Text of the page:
Introducing a series on what ethics and compliance professionals should do to strengthen the ethics and compliance oversight and leadership of their Boards of Directors.
“Do businesses’ duties to make shareholders money prevent them from pursuing social impact goals?” asked the headline in a recent New York Times Op-Ed series on “do-gooder” companies, sparked by the IPO of the internet craft retailer Etsy. It is essential for Ethics and Compliance professionals to understand the debate, and their roles in helping boards govern in this environment.
There is ongoing contention in the United States about what it means to represent shareholder interests. To oversimplify: one side of the debate echoes Milton Friedman in the 1960s, saying the sole responsibility of a corporation is to maximize profits for its shareholders. Since the Board acts on behalf of shareholders, they must act to maximize profits. End of story.
The opposing side says that companies can have a variety of legitimate purposes, and should incorporate consideration of the perspective of key stakeholders, such as employees, suppliers, customers and the public. Board members who live up to “the business judgement rule”, acting with due care (such as being appropriately informed) and due loyalty (including avoiding personal conflicts of interest) are fulfilling their obligations.
There is increasing rigorous evidence that this is a disagreement without ramifications. Recent research published in Harvard Business Review finds that “firms with good performance on material sustainability issues significantly outperform firms with poor performance on these issues, suggesting that investments in sustainability issues are shareholder-value enhancing.”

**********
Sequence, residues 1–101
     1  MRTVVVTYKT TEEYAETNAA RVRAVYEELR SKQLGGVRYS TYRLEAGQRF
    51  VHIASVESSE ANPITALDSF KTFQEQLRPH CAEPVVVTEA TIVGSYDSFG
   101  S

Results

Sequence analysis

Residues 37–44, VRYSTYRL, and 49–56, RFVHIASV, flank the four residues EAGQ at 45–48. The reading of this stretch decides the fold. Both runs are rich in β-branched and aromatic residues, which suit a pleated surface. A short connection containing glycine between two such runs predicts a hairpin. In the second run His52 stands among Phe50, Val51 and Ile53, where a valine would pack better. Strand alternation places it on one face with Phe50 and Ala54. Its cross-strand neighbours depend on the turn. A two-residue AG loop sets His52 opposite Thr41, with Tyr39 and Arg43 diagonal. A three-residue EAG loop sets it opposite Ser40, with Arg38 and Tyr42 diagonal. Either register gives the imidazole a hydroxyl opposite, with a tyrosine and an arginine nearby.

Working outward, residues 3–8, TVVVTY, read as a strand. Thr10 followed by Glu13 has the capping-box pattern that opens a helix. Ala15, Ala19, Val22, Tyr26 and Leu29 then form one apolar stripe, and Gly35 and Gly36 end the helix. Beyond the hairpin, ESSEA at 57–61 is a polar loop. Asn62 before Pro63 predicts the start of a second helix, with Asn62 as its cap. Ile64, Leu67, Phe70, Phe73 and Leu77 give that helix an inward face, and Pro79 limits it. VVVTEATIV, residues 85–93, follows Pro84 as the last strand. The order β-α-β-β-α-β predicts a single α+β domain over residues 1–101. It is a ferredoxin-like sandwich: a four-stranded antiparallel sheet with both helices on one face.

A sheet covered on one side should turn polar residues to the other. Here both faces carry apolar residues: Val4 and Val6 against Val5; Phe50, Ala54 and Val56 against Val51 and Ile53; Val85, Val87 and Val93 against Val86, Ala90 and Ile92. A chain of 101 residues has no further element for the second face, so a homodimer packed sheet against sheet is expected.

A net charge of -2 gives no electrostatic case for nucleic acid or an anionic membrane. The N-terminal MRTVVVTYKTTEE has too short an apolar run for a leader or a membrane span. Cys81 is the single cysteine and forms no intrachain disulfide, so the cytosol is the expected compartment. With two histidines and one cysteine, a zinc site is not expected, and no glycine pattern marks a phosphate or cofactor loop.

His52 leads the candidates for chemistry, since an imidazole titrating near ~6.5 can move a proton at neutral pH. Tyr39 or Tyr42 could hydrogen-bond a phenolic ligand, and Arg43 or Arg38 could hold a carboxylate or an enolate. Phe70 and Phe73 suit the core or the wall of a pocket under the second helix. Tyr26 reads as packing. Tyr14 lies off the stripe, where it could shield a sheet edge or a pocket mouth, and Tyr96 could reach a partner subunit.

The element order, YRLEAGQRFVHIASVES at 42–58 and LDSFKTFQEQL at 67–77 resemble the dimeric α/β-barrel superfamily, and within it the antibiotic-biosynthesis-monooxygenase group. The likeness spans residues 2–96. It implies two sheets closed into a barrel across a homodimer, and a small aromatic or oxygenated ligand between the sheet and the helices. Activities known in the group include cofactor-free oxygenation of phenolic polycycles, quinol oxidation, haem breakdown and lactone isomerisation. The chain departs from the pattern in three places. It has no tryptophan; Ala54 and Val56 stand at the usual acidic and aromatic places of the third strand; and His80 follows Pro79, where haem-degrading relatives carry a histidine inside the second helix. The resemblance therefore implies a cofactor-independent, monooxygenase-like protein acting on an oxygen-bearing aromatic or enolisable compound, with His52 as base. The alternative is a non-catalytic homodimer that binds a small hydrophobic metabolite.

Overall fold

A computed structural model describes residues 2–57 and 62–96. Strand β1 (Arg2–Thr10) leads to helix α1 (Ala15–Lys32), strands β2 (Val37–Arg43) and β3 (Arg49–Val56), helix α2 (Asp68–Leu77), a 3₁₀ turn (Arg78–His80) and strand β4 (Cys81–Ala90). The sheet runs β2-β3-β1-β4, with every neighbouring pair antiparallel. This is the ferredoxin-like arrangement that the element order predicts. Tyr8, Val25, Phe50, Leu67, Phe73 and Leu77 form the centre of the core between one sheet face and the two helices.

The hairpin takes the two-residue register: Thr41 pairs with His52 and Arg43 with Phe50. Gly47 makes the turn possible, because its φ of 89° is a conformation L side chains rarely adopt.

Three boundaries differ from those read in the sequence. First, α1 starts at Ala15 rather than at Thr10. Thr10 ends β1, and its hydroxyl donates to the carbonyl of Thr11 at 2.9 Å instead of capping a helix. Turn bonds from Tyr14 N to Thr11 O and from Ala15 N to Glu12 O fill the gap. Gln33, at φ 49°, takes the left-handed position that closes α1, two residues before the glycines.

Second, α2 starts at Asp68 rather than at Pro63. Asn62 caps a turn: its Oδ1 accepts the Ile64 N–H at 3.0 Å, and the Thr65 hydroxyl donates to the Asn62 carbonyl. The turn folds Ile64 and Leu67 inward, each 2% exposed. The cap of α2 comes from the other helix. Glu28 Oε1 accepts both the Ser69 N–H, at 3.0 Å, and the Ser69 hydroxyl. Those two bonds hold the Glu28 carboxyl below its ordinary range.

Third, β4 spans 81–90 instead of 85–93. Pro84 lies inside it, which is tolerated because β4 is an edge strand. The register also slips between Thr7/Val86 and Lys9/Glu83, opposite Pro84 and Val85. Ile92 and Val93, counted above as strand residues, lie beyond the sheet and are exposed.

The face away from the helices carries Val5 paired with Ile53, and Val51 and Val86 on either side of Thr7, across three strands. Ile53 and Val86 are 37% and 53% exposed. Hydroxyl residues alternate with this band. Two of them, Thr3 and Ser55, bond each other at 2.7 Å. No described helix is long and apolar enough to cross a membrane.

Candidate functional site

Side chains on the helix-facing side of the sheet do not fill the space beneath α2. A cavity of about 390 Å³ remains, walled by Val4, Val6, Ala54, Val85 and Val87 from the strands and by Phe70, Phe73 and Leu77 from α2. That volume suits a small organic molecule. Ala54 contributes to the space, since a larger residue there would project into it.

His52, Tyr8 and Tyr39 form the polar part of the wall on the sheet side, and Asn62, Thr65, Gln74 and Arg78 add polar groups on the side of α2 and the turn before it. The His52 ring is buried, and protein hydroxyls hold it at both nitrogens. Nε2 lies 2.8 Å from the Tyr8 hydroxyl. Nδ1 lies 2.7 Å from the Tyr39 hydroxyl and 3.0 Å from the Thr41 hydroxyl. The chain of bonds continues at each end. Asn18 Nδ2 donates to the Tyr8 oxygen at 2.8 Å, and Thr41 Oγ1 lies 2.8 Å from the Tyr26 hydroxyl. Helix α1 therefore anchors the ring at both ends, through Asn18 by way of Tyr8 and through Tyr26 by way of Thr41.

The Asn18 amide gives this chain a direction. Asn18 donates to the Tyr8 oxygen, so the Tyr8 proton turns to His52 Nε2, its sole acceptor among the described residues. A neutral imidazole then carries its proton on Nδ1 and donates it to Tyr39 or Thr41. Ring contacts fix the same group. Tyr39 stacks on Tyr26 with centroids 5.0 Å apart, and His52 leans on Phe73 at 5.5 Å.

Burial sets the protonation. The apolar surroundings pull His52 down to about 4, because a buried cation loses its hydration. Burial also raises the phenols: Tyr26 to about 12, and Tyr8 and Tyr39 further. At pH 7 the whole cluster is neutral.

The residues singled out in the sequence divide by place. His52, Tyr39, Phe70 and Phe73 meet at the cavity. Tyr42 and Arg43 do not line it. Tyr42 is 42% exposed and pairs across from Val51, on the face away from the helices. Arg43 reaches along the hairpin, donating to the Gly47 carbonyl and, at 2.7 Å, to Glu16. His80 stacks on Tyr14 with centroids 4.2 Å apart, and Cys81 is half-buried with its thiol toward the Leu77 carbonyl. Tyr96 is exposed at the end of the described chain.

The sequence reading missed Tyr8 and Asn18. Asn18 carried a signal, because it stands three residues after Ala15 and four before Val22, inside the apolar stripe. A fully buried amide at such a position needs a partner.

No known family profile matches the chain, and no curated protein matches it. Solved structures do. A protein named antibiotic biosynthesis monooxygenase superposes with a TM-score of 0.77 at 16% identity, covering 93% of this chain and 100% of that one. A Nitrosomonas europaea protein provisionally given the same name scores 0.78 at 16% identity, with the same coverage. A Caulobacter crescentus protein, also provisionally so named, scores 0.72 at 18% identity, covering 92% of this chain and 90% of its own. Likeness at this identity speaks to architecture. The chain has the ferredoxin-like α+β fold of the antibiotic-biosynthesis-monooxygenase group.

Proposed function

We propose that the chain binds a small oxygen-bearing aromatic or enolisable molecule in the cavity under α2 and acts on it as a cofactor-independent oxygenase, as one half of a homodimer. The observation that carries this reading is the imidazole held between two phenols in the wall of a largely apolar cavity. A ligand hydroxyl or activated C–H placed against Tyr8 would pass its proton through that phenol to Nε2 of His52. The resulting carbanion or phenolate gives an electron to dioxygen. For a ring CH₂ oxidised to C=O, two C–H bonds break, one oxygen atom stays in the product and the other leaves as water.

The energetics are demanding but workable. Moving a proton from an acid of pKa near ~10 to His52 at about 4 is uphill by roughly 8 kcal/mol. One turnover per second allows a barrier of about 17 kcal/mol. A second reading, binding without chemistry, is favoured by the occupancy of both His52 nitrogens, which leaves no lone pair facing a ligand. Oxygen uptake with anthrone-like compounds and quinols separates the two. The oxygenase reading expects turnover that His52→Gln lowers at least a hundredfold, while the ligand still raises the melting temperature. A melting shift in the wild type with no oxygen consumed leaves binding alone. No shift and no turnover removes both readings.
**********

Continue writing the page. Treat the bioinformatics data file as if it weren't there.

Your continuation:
Other research out of the University of Chicago on corporate culture finds that firms where “employees perceive top managers as trustworthy and ethical” exhibit stronger financial performance.
In this age of instant information, doing the right thing for one’s stakeholders leads to doing well for one’s shareholders in the long term. The reputational cost of irresponsible behavior leads to diminished shareholder value, at least in western economies with some semblance of a free press/internet and the rule of law.
Therefore board members, as part of their fiduciary responsibility on behalf of all shareholders, must pay attention to the ethical and reputational implications of a Company’s operations, not just the financial ones. This is true regardless of which side of the “what are the responsibilities of a corporation” argument one aligns with.
In the United Kingdom, the linkage between corporate responsibility and the responsibility of the board member is made explicit in the law. Under the UK Companies Act, the fundamental duty of the board member is “to act in the best interests of the company.” One of the key tests as to whether the board member is acting in the best interest of the company is this: directors must consider the impact of decisions on the firm’s “reputation for high standards of business conduct.”
The implications of the linkage between ethics and financial performance for E&C professionals are vast. They must identify business practices and cultural issues that threaten the internal and external ethical reputation of the firm and implement practices that reduce risks from unethical practices and strengthen cultures of integrity. This includes communicating risks, practices issues and responsibilities to Board members and leaders.
Please email Steve@IntegrityII.com with your questions on what ethics and compliance professionals should do to strengthen the ethics and compliance oversight and leadership of their Boards of Directors.